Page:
Saturday School in 2021 will become the most chosen medium of study for many learners as the schools open. This follows after schools suffered a major blow on opening after the Department of Basic Education (DBE) postponed the opening of schools. The cumulative gaps created due to the unfinished curriculum in 2020 as well as delayed opening will see most of the learners battling to grasp simple concepts.
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The DBE in 2020 had to force schools to open after battling with unions who had wanted the academic year to be scrapped. The reduced academic year of 2020 forced DBE to trim the curriculum with the aim of finishing it in early 2021 and combining it with new 2021 curriculum. While the focus was mainly on teachers and learner safety, the future impacts on learners has not been much discussed.
If intervention programmes are not implemented immediately especially to poor and disadvantaged communities, the future of these learners is at the risk of amounting to nothingness. If learners are not assisted in ensuring that they close all the gaps created by the lockdowns, a further deterioration of the education system will be the result.
To put it in some way, consider Didi who was in grade 4 last year. Didi went to school at most 10 days a month instead of the normal plus or minus 21 days. This is less than half of the time of contact time. This excludes disruption days that were common where at times schools had to close for two to three days due to a member of staff testing positive.
In essence teachers had to teach Didi all the work she was supposed to learn between March and November in 40 days. Remember Didi was home all the time and somehow unlearned most of the things she learnt in the first three months of the year as well as some of the previous year’s work. Study has shown that longer holidays was one of the causes of student failures. Students who go for prolonged holidays struggle when they open due to most of them having forgotten what they were taught.
Didi was had more than three months of holiday with no access to any form of schooling whatsoever. Now Didi was supposed to return to school under normal circumstances in the third week of January. Again due to the outbreak of a new variant of Covid 19 in South Africa, opening of schools was postponed for a further four weeks from the normal opening.
The 2020 intervention strategy of the Department was to open schools early so as to cover the previous year’s work and at the same time introduce the new term’s work. This unfortunately did not happen as planned meaning the DBE will go back again to the drawing board and find means of assisting the learners. The current situation again will mean reduced days in school as we are still battling with Covid 19. If Didi is not given attention, her gaps in the curriculum will create more cumulative gaps as she proceeds with her higher grades leading to her failing her grade 12. But such must not be the case for Didi had she been given enough support.
The solution that Didi now needs is increased time on her studies and this must begin as soon as possible. The first priority will be to bring the mind back to school by reminding them in every lesson of the prior work. Increased contact time plus revisiting of previous curriculum will be stretching teachers who are already battling with fears and challenges of Covid 19. Hence the solution will not be found in the classroom. The solution will be found in extra school or Saturday schools as mostly referred to as.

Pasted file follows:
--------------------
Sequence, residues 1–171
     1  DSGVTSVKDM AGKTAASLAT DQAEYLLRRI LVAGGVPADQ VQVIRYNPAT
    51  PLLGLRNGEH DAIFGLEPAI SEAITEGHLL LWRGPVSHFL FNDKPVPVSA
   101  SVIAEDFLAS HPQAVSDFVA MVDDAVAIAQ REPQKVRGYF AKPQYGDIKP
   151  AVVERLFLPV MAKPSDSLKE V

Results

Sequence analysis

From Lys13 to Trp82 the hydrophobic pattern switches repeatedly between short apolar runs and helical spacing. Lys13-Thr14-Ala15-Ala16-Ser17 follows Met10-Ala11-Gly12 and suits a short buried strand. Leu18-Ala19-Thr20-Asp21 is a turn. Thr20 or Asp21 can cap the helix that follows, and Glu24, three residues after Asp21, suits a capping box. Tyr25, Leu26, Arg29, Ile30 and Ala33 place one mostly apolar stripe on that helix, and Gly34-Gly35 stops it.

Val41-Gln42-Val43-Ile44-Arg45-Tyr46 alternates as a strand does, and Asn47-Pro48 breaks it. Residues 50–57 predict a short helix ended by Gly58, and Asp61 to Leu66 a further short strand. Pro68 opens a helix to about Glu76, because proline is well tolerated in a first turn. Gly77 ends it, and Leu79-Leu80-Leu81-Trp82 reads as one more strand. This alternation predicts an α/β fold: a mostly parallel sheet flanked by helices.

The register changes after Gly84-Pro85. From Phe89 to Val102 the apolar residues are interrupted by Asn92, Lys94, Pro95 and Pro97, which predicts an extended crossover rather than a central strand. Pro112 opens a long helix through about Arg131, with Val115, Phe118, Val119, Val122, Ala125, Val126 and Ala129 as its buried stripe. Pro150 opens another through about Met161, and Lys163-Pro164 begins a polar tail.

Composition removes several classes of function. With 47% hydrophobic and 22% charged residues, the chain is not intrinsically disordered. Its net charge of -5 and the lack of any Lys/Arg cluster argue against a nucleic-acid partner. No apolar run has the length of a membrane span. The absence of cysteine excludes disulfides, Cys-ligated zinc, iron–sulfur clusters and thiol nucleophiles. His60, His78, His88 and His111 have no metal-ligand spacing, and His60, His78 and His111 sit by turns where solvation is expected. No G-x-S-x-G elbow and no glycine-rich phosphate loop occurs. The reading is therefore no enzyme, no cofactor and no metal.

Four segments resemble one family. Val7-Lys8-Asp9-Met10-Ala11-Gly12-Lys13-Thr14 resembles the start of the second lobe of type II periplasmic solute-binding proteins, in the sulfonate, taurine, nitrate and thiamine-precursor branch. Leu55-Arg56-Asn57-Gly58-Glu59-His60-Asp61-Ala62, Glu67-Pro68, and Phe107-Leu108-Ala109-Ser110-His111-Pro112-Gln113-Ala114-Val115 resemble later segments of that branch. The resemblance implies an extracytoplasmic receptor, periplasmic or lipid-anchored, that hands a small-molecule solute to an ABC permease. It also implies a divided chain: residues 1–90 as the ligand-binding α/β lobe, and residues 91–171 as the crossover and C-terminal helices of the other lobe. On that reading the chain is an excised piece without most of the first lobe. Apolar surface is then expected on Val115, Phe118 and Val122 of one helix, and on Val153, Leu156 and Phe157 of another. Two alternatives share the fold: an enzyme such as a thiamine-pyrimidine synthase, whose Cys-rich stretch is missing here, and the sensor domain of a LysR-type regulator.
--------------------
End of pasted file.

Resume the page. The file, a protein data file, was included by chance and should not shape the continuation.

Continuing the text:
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The extra classes offered are at this point are the only solution parents and teachers have in helping learners catch up. I mentioned parents because they are instrumental in two ways. Firstly in ensuring their kids attend these classes and secondly if possible in providing tuition money for these classes. The second point on tuition is very challenging considering the current financial woes but these are extraordinary times looking for extraordinary actions. It is time that families prioritize and sacrifice for the sake of their kids
The extra classes will assist and go a long way in covering most of the curriculum with less pressure and at a more steady pace. But what happens to Didi as her parents cannot afford to pay for her extra tuition . This is a difficult question to answer but one will hope that sooner or later NPOs and private companies will step in and invest in these disadvantaged schools to assist them with intervention strategies. The NPOs whose main focus is on education must step up and involve private companies to help. This will afford most of the children an opportunity and close the gaps children are already having.
At Ekurhuleni Tech, Saturday classes are already being offered now. The current grades being assisted is Grade 7-9 for mathematics and physical science. English and Afrikaans will also be added shortly. Students needs to complete the enrollment forms online and the fees and other information will be provided concerning the classes. It is time to rebuild again the education of the child. Let us all be a part.